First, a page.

Kopičácký rybník National Nature Monument

The Kopičácký rybník Pond NNM was declared in 2007 on an area of 8.3 ha to protect communities of plants and animals which are bound to the aquatic environment of the Kopičácký rybník Pond including the surrounding littoral growths and fen meadows. This territory had been included in an extensive protected area since 1948 and was a part of the Žehuňská obora and Žehuňský rybník National Nature Reserve from 1992. The national nature monument is a part of the Žehuň – obora Site of Community Importance and the Žehuňský rybník – Obora Kněžičky SPA – Bird Area.

The Kopičácký rybník Pond lies close to the eastern border of the Středočeský kraj – Central Bohemian Region and around 3km south of the town of Městec Králové. The monument covers a forest-free enclave inside the Obora Kněžičky (Kněžičky Game Reserve) forest complex and is out-of-bounds to the general public all year round. The protected area lies at elevations of around 235 metres above sea level in a warm climatic region and on the upper plateau of the Hradčanská Questa in the spring area of the Dlouhopolský potok Stream. Due to the weak flow levels in the stream, only partial regulation of the water level in the pond is possible. The geological basement is built of marly sediments from the Mesozoic period, which are overlain by pelic Chernozem and Quaternary fenny sediments.

The open water surface of the Kopičácký rybník Pond covers an area of around 2.5ha and serves as a breeding site for a number of species of frog including the marsh frog (Rana ridibunda). If the level of fish stocking allows for the development of aquatic plants, the majority of the fishpond bottom is covered with stoneworts, especially Chara hispida. This species can also be found in the pools on the fen meadow.

The littoral growths around the Kopičácký rybník Pond are predominantly formed of common reed (Phragmites australis), with bulrush (Typha latifolia) and common club-rush (Schoenoplectus lacustris) in places. Where the red growths are of lower density we can also find sedges in the undergrowth, including hop sedge (Carex pseudocyperus). The most interesting areas, from the botanical and zoological standpoints, are the areas of very sparse reedbeds with the scattered occurrence of tall sedges. The water level is only tens of centimetres deep here in the springtime and in the autumn the water table falls below ground level. We can find the small yellow sedge (Carex viridula) here, along with the rarest plant at Kopičácký rybník NNM – the various-leaved pondweed (Potamogeton gramineus), which currently grows at less than 10 localities in the Czech Republic. The tiny mollusc – the ramshorn snail (Anisus vorticulus), which is a species of community interest, was re-discovered for the Czech Republic in this biotope in 2008. Dragonflies are also well represented and 13 species have been recorded here.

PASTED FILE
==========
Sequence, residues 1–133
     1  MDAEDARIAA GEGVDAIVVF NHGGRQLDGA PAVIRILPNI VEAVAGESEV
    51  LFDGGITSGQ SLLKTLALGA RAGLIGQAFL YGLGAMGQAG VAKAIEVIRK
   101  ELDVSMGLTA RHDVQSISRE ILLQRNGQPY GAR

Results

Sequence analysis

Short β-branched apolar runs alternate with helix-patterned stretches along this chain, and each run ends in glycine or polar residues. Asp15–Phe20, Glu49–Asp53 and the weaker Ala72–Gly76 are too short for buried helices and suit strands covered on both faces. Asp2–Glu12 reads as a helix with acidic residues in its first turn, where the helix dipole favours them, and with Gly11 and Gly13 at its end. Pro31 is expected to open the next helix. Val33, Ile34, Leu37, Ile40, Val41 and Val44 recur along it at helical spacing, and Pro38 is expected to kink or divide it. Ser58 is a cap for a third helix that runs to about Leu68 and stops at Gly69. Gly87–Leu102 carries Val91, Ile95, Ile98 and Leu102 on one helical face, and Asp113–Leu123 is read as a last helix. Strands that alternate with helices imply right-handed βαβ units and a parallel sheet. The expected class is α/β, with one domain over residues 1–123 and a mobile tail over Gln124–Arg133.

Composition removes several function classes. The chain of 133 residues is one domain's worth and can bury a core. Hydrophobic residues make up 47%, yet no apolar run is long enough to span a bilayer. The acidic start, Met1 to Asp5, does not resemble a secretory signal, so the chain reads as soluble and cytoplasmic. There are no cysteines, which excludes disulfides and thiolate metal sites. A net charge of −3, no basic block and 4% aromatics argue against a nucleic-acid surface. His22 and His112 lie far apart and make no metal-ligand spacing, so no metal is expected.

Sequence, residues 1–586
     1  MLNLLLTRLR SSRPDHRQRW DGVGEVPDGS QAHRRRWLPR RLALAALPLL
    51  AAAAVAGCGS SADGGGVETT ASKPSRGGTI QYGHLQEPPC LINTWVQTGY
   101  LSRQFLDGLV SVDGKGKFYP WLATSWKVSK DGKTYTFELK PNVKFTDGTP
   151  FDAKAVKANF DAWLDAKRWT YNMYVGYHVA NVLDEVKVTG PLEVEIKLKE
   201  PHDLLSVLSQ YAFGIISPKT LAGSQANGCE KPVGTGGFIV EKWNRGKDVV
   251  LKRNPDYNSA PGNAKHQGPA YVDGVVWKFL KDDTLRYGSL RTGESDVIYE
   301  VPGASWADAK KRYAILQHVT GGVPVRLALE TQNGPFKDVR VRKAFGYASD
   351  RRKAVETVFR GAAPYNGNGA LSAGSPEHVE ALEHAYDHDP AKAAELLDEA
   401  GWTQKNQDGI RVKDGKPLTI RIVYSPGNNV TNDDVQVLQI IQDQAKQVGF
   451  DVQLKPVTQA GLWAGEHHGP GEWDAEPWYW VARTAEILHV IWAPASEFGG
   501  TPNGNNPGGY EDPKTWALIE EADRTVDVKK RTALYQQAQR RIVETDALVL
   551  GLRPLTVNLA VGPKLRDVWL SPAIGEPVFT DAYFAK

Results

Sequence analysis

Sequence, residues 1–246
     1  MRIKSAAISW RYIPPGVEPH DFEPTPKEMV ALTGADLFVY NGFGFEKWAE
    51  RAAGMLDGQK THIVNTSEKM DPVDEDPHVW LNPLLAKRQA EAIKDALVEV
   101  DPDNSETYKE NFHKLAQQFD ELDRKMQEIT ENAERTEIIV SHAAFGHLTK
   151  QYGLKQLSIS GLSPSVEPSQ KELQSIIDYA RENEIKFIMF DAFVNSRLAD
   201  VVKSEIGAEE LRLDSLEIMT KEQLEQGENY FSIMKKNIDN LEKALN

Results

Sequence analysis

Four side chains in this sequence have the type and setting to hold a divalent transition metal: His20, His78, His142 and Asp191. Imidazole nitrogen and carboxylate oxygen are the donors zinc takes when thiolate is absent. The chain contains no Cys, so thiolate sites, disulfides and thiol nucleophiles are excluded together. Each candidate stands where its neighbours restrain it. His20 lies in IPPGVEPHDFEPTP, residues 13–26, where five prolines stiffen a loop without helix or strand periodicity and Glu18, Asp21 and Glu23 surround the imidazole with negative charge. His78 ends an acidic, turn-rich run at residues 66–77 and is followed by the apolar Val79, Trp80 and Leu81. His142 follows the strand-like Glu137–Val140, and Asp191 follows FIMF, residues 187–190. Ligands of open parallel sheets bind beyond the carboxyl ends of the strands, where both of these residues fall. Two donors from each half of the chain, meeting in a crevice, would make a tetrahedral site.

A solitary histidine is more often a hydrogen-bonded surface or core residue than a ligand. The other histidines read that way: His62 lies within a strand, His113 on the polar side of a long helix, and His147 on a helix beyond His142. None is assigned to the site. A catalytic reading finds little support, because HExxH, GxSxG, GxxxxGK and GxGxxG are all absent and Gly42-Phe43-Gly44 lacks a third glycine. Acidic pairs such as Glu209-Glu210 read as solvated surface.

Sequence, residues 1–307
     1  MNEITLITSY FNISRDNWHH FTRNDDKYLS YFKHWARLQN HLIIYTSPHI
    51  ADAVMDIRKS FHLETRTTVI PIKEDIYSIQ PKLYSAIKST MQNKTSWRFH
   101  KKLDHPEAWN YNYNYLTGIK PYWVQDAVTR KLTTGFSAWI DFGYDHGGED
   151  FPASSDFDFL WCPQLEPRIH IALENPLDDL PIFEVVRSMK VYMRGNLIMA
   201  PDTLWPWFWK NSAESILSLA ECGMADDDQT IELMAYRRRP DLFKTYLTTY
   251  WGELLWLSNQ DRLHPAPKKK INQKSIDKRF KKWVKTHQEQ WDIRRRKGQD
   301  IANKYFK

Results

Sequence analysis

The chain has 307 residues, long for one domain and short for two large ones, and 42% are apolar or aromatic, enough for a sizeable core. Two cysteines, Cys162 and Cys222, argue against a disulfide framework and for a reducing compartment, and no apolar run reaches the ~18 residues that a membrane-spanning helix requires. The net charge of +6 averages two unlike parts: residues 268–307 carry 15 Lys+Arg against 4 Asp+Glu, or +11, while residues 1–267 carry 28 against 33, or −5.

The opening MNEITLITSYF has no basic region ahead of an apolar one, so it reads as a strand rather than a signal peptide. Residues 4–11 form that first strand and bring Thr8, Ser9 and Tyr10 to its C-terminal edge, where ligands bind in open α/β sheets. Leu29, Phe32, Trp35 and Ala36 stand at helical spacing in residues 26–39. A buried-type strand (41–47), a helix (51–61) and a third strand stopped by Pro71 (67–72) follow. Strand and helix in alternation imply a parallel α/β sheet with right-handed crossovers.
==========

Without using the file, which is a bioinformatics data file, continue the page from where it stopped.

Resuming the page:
The fen meadow with the dominant moor-grass Sesleria uliginosa and an area of around 4ha is one of the most extensive low moors in the Czech Republic. Smaller sedge species which grow here include davall sedge (Carex davalliana), carnation sedge (Carex panicea), the sedge Carex tomentosa, tawny sedge (Carex hostiana) and glaucous sedge (Carex flacca). A rich population of the tiny mollusc – narrow-mouthed whorl snail (Vertigo angustior), which is a species of Community interest is also bound to the fen meadow and the entire mollusc community is classified as a relict population, which closely resembles the mollusc populations found on “prehistoric Labe meadows”.

Before the Kopičácký rybník Pond was declared as a separate protected area, the meadow was only maintained by grazing of game animals kept in thegame reserve.

Blue moor-grass (Molinia caerulea) and locally the wood small-reed (Calamagrostis epigeios) expanded to cover areas with a lower water table. Weaker and less competitive species such as adderstongue (Ophioglossum vulgatum) and broad-leaved marsh orchid (Dactylorhiza majalis) gradually retreated from the fen meadow. For this reason the meadow has been regularly cut since the national nature monument was declared.

The communities which are bound to the fishpond biotope are strongly influenced by the numbers and species composition of the fish stocks. The stocked fish are predominantly carp and restrict the development of the other elements of the ecosystem by eating them, but also by rooting around in the marly fishpond bed and strongly clouding up the water. The cloudy water negatively influences the development of submerged and floating aquatic plants, the amphibian communities whose larvae develop in these waters and also the birds, which have difficulty finding food in such cloudy water. On the contrary, if the fish stocks were removed, then the fishpond would rapidly become overgrown by the littoral reedbeds. Therefore it is necessary to continually search for the optimum composition and density of fish stocking to allow the highest possible diversity of all life forms which are bound to the aquatic environment, but on the other hand to permanently maintain the fishpond biotope and look for new methods of fulfilling these aims.